From Homegrown Games, Father’s Island has been described as a B-movie style, visual novel that blends elements of mystery, tension, horror, and atmosphere. The game aims to immerse players in a remote and deserted location, who most of its inhabitants have succumb to a devastating consequence of isolation. The game does manage to bring a strong sense of immersion in the cases of its setting, colour palette and atmosphere. However, the end result feels excruciatingly messy, hilariously written, and misses the mark on pretty much all other aspects.
You play as John Richards who has recently been released from prison under false charges. After his release he travels to his home island, which was the place in which he grew up in for the first ten years of his life. Upon arriving however, the islands human inhabitants have vanished. Isolated on the island, in the wake of a devastating phenomenon, John must traverse the island, in search of the person who framed him and to understand the reasoning behind their deceit.
The gameplay revolves around exploration. As more of the island is uncovered, players come across small houses, wooden cabins, and electricity centres. Some of these houses hold important notes which flesh out the experiences of other characters and the world and John will often react with inner monologues. Despite these ambitions however, the exploration never feels fully developed. In every house, there are very few objects to interact with and the individual buildings are too small and cramped in comparison to the long and empty stretches of land the player has to traverse. As a result, the exploration and the gameplay itself quickly become tedious. The puzzles in the game are also very poorly executed since they only involve finding a key for a gate or a door. As a result, these puzzles further add to the tedium of the gameplay.
Perhaps the most confusing use of explaining the island’s past to the player is the inclusion of a live actor, who interrupts the game at various locations, to explain the functionality of a building, or the results of a horrendous incident. While this technique does conjure some sense of intensity and strangeness, it quickly becomes hilarious due to the over-the-top performance of the actor, and how out of place he is in comparison with the graphical representation of the game.
The score mainly consists of calm piano music used to further solidify the sense of isolation for players. Fir the most part it works, but as the game drags on it can become tiresome. As a huge technical flaw, the music very often loops noticeably, cuts unnaturally to other scores, or outright stops altogether. This causes some serious breaks in immersion and could take you almost completely out of the game. Inaccurate song choices could also occur, as you enter buildings. The score begins to change to a more intense theme, as if you are about to be attack. This direction in music overall makes the game’s soundtrack extremely inconsistent and damages a somewhat interesting island to explore.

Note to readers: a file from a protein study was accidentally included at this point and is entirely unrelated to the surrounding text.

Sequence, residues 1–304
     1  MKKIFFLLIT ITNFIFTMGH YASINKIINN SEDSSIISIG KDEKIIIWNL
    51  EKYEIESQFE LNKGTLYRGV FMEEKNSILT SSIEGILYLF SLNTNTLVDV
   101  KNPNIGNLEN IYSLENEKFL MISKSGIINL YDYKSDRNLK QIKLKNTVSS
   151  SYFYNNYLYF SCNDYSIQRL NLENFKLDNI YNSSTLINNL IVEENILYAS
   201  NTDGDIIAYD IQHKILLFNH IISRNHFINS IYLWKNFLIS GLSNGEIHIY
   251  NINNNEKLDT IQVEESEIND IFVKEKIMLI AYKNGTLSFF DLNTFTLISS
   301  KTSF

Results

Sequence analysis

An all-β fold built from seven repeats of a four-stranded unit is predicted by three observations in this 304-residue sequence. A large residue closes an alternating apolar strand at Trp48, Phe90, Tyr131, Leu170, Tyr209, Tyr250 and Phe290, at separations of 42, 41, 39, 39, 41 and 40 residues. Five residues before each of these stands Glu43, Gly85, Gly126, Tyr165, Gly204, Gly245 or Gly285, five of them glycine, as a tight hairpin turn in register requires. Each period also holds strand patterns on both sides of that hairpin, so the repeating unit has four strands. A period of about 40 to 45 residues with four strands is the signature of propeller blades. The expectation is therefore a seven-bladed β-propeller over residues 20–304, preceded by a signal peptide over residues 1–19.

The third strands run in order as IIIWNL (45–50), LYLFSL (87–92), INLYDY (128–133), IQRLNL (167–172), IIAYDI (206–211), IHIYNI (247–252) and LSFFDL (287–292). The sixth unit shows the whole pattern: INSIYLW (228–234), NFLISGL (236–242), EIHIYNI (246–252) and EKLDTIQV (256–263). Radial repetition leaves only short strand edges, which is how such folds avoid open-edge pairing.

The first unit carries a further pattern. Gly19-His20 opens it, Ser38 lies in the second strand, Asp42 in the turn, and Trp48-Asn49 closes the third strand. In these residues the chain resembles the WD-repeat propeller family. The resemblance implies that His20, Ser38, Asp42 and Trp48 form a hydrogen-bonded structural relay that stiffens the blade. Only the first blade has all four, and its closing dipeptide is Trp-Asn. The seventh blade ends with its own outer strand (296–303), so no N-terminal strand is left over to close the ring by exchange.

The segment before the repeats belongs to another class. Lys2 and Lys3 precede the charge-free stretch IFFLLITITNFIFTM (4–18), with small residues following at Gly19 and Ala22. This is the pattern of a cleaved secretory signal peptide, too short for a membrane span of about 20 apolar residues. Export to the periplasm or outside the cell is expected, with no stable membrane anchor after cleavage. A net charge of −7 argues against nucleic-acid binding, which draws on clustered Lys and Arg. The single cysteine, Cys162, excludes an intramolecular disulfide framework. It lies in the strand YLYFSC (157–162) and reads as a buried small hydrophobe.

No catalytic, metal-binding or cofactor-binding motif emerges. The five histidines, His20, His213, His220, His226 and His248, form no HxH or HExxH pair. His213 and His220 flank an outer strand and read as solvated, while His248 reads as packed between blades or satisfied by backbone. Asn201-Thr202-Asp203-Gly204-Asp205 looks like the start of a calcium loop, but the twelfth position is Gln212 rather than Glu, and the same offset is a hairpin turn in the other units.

What is easily the game’s most noticeable flaw is the appalling state of its technical performance. When you first load the game you are always greeted to a loading screen that takes about three minutes to install the game. The screen would also give a notice from the development team, explaining the reason behind the load times, along with some odd spelling mistakes. When the game finally loads, players are then greeted to a huge level of technical flaws that almost completely halt the game in its tracks. While the frame rate isn’t exactly poor, the vegetation moves very statically and it becomes immediately distracting. The water from the ocean and ponds that appears throughout the game are almost completely transparent and make objects like rocks and the boat look like they are floating on air. The depth of field causes mountains and vegetation to disappear from a very short distance.
What is the most hilarious and confusing set of issues though, is the limitation of movement for the player. At the expense of super-human speed, the player’s character doesn’t seem to have any knowledge of how to climb ladders. He doesn’t even try to swim, and struggles to walk up stairs and through doors, requiring the player to jump through them instead of simply walking, and the jumps themselves are a feeble hop, reminiscent of the single rabbit on the whole island. The few individual animals on the island have horrendous animations that don’t come close to resembling how they move in real life. The quality of the audio for the main voice actor is terrible as it’s done through a low-frequency and makes the actor sound less as if he is not actually there. It should also be said that the voice actor for John is also not very inspiring. His bland and often thuggish tone makes it difficult to take his character seriously, especially when much of his dialogue comes off as laughable or clichéd.
Father’s island feels unfinished. It has a noticeable ambition for storytelling and an atmospheric setting, but the game unfortunately misses the mark on almost every aspect. The writing is laughably poor, the technical issues are severe, and the experience overall shallow and repetitive. Father’s island is an example of how not to do exploration in games, and it’s sad to see some potentially great ideas be wasted on a game where so little effort has been spent.
REVIEW CODE: A PC code was provided to Brash Games for this review. Please send all review code enquiries to firstname.lastname@example.org.
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